New Zealand have a chance to seal the three-match ODI series in the second game at the Saxton Oval, but their opponents will not be willing to just keel over after having travelled so far. While Bangladesh were convincingly outplayed in Christchurch by 77 runs, their mentality as a team has changed significantly over the last two years and now they will need to cling to that positive approach in a crunch game away from home.
Tamim Iqbal and Shakib Al Hasan will once again have to show the eagerness to fight against the short ball. Mosaddek Hossain, Imrul Kayes and Sabbir Rahman also looked relatively comfortable against that length in the series opener, but will have to be more patient in seeing themselves through the initial roughhousing.
Mushfiqur Rahim will be missed; he has been ruled out with a hamstring injury for at least two weeks. He will be replaced by debutant Nurul Hasan.
Bangladesh’s bigger concern will be their bowling in high-scoring Nelson, especially after they conceded 341 runs in the first game. Mashrafe Mortaza and his pace-bowling group have to bowl better lengths, while Shakib could be given a specialist spinner to partner given the slower nature of this pitch.
New Zealand will have to tackle the spin threat; some of them looked sluggish in their footwork in game one, others were a bit too eager. While Neil Broom and Jimmy Neesham played back to slightly fuller deliveries from Shakib, Kane Williamson and Martin Guptill threw their hands too early at slower or angled deliveries, resulting in their dismissals.
They will be glad that Tom Latham is willing to anchor the innings, and that Colin Munro has the ability to enforce himself on an opposition attack even from a tricky position.
In the spotlight
After his blazing 87 in the first game, Colin Munro will be a person of interest for Bangladesh’s think-tank. Munro was quick to dispatch anything too short or too full, but he can expect new challenges in Nelson if Bangladesh can bowl more into his body.
Shakib Al Hasan was expensive with the ball but still got the breakthroughs. With the bat, he had better control though he only made 59. He handled the shorter length quite well up until the time Lockie Ferguson dismissed him with pace combined with awkward bounce.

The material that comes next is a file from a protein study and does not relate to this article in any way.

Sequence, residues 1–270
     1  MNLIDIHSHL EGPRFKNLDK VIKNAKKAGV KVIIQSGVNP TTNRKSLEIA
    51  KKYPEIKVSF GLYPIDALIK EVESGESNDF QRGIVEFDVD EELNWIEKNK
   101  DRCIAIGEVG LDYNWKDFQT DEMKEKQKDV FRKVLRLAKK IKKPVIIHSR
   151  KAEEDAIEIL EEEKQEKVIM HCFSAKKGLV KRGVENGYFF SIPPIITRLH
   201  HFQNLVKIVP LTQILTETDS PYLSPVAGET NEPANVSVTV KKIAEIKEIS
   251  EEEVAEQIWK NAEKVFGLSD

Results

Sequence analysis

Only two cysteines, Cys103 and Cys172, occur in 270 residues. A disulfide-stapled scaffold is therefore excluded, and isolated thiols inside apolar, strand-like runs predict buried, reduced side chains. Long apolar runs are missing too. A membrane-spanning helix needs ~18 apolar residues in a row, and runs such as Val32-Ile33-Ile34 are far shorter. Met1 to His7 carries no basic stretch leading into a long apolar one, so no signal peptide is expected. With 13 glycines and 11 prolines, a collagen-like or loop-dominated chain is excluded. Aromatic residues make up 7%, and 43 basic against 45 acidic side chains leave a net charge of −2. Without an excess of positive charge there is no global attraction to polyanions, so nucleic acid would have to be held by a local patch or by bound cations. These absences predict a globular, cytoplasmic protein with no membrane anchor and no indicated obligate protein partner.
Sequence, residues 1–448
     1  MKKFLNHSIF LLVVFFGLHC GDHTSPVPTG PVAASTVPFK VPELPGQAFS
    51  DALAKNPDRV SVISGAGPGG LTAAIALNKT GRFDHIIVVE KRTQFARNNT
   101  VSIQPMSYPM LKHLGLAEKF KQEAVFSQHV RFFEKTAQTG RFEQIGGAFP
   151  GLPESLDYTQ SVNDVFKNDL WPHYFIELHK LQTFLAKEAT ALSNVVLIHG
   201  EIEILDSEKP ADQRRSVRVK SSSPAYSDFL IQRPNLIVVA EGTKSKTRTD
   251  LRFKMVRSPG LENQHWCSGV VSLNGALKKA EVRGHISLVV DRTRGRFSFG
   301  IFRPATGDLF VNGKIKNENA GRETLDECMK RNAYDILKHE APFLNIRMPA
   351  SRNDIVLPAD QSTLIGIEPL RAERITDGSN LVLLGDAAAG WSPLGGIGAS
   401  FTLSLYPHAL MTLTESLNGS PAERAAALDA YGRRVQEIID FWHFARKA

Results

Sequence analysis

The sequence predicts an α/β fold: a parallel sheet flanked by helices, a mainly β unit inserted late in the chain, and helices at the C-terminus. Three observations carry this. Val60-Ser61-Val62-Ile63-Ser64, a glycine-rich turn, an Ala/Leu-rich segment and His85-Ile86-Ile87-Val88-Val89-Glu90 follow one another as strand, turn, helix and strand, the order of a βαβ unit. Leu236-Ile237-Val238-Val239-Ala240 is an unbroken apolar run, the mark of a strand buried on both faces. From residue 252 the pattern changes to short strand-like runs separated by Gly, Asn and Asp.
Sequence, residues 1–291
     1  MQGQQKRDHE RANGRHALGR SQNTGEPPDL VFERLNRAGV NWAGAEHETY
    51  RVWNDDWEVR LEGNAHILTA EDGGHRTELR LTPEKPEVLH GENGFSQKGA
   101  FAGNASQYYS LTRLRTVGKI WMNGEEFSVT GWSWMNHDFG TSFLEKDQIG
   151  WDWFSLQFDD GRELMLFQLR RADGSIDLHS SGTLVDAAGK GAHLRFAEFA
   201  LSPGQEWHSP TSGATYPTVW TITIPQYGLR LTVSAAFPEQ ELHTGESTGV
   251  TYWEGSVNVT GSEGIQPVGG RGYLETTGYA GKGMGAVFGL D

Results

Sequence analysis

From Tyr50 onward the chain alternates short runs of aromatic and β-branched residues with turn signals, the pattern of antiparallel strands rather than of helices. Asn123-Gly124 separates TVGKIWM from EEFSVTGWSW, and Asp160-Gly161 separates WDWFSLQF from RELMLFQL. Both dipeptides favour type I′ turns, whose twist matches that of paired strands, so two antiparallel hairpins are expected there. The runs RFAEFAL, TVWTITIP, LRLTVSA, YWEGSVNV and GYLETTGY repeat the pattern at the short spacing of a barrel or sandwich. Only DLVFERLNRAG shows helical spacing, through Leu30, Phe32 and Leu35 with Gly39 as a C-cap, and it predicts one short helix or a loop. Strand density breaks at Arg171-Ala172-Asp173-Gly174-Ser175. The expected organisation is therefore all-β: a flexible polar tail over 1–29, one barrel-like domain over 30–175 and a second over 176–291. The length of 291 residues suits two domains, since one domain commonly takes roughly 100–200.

New Zealand are unlikely to rest Tim Southee and Trent Boult at this stage, which would mean Matt Henry and Colin de Grandhomme would have to keep waiting for their turn.
New Zealand (probable) 1 Martin Guptill, 2 Tom Latham, 3 Kane Williamson (capt), 4 Neil Broom, 5 James Neesham, 6 Colin Munro, 7 Luke Ronchi (wk), 8 Mitchell Santner, 9 Tim Southee, 10 Lockie Ferguson, 11 Trent Boult
Keeper Nurul Hasan has replaced Mushfiqur Rahim, whose absence will be felt more in the middle order. Bangladesh could also be looking at either Mehedi Hasan or Tanbir Hayder to add to their bowling line-up on a relatively slower Nelson pitch, with Soumya Sarkar most at risk of losing his place.
Bangladesh (probable) 1 Tamim Iqbal, 2 Imrul Kayes, 3 Mahmudullah, 4 Shakib Al Hasan, 5 Sabbir Rahman, 6 Mosaddek Hossain, 7 Nurul Hasan (wk), 8 Mehedi Hasan/Tanbir Hayder, 9 Mashrafe Mortaza (capt), 10 Mustafizur Rahman, 11 Taskin Ahmed
Pitch and conditions
The Saxton Oval pitch is regarded slower than most in New Zealand. Still, the stats favour the team batting second; in the six completed ODIs here, five teams, including Bangladesh, have chased successfully. In the previous completed game here, 12 months ago, Sri Lanka eclipsed New Zealand’s 276 with 22 balls to spare.
Stats and trivia
Nurul Hasan will become the fifth wicketkeeper to debut in ODIs for Bangladesh after Mushfiqur Rahim in 2006. Dhiman Ghosh, Jahurul Islam, Anamul Haque and Liton Das all came in as replacements when Mushfiqur got injured at different stages
New Zealand have won two out of their four matches at the Saxton Oval, lost one, and one has been a no-result.
Source: ESPN Crickinfo